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Woman rides 11,111 kms across India to help generate employment opportunities for women

Jai interacting with one of the girls she met on her trip down South   | Photo Credit: SPECIAL ARRANGEMENT

A 100 women auto drivers, proudly dressed in khaki shirts, some teamed with their saris and the rest with salwar kameez, pottus and strings of jasmine. This scene, at the EA Hotel in Chennai, created a lasting impression on Jai Bharathi, who is riding around the country on a Jawa 42.

An architect and an avid biker, Jai set out on the Moving Boundaries campaign on October 11 with a simple aim: that of creating awareness and encouraging women to learn driving to increase their employability.

She started the MOWO Foundation (Moving Women Social Initiatives Foundation) in Hyderabad in 2019 with this goal and has since trained 1,500 women from her city’s self help groups and Government Degree College, in riding bikes and autos, some of whom have used it to earn their livelihood.

Woman rides 11,111 kms across India to help generate employment opportunities for women

The Moving Boundaries campaign is being executed by Jai along with Srishti Bakshi, who a couple of years ago, walked from Kanyakumari to Kashmir to raise awareness about violence on women. Srishti met Jai during her walk and the two shared similar ideas about empowering women.

In 2020, Srishti became a part of MOWO, where she leads fundraising and collaborations and is handling the back-end work while Jai is on the road.

The ride began in Hyderabad, from where Jai rode to Chennai, Kochi, Udupi, Goa. She is currently in Mumbai.

The 11,111 kilometres journey, spanning 40 days, will cover Surat, Ahmedabad, Udaipur, Jaipur, Amritsar, Srinagar, Chandigarh, New Delhi, Lucknow, Allahabad, Patna, Guwahati, Kolkata, Ranchi, and Bhubaneshwar.

Woman rides 11,111 kms across India to help generate employment opportunities for women

On her quick stop in Chennai, she was pleasantly surprised to see the large turnout of not just women auto drivers but also a few women forklift operators and a COVID-ambulance driver.

“Their stories are amazing. Their families are supportive,” says Jai. Some of the women mentioned that when they go for family functions, they wear their uniform and people look at them in awe. If this format is working out so well in Chennai, Jai believes it can and should be replicated in other cities as well. “Through MOWO we also showcase the works of organisations like ANEW in Chennai and Azad Foundation in Kolkata, that are working with women in mobility,” says Jai.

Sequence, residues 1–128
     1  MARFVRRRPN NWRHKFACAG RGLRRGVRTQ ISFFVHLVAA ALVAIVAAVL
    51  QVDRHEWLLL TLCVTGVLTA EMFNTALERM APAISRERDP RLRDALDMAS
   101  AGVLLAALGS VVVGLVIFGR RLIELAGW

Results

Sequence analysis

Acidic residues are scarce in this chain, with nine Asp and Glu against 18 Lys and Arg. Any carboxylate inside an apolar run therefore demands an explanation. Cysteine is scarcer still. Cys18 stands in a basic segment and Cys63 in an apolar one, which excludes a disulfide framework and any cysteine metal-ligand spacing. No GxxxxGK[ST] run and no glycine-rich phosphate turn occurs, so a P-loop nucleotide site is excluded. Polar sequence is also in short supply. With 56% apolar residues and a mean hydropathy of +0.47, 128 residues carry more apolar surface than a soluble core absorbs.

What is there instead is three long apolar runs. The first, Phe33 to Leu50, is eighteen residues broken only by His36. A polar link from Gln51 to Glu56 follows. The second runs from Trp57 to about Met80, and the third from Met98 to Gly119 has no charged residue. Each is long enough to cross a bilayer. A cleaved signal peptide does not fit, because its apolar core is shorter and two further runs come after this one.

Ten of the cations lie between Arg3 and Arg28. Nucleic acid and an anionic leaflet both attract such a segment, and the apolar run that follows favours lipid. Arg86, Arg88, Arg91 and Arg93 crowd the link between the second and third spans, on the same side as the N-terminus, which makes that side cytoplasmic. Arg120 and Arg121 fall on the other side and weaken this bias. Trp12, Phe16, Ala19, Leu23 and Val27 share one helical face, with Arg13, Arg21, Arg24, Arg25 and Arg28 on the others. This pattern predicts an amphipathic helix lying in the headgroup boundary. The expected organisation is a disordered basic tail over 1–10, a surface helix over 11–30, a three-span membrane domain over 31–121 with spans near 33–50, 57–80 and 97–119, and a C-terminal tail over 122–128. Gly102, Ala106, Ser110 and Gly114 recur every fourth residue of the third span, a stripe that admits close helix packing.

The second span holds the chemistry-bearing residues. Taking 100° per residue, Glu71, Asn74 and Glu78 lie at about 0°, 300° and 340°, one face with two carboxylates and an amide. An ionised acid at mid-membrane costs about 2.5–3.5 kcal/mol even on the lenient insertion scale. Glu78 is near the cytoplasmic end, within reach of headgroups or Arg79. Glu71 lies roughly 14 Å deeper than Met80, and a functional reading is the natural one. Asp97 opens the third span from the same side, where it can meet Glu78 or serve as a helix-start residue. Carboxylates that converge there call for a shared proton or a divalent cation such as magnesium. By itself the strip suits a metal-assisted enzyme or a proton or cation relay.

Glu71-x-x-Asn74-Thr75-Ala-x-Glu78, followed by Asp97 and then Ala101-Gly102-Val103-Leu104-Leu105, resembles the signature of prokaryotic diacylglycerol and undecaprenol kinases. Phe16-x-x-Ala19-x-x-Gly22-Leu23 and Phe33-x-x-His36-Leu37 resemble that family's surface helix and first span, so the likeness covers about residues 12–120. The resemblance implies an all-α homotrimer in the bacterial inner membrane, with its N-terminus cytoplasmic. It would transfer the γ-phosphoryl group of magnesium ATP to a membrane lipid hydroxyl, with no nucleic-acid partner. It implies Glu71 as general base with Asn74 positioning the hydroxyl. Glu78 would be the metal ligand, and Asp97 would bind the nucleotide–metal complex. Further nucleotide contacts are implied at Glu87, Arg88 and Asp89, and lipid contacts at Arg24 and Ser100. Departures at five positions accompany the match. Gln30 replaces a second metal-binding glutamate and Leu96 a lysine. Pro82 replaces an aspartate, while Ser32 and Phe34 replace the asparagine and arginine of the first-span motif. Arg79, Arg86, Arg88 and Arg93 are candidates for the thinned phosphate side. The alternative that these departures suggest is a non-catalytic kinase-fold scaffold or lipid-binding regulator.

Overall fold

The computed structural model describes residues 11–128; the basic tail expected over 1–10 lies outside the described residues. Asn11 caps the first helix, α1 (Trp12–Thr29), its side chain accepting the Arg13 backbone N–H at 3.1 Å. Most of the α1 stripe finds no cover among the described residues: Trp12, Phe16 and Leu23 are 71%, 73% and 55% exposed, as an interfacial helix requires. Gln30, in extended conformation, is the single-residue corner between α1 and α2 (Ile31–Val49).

Moving ahead
  • As part of the Moving Boundaries campaign, the team has a WhatsApp number where one can send a message if they or anyone they know may be interested in learning to drive or wishing to make a career out of driving. All they need to do is type ‘Hi’ and send it to 8885016606.

“There have been women who have had to quit their jobs because they did not know how to get to work,” she adds. It is important to create awareness on why women need mobility and how it will help them, says Jai. It could be anything: driving to work, dropping their children to school, driving cabs or delivering packages. Having this skill opens them up to many more job opportunities.

Woman rides 11,111 kms across India to help generate employment opportunities for women

She recalls an incident from Erode in Tamil Nadu. Jai and her team were riding through the small town during Ayudha pooja when they came across a lady doing puja in a shop. “I noticed there were two TVS XL Champ bikes parked outside the shop. One belonging to the lady and the other to her husband. The lady, a tailor, said she wanted her own two wheeler so she could go out and buy raw materials as and when needed, instead of depending on her husband,” says Jai, pleased at the self-sufficiency of the woman. At the same time, another lady, in a nightie, walked up to Jai. She was so excited to see Jai and her motorbike that she mounted the bike and clicked pictures, while requesting Jai to take her along for the rest of the campaign.

“When you see a woman on a motorbike, it is inspiring,” says Jai. She adds, “When more women take to the roads and are self dependent, they tend to feel safe.”

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Printable version | Dec 2, 2021 8:43:45 AM |

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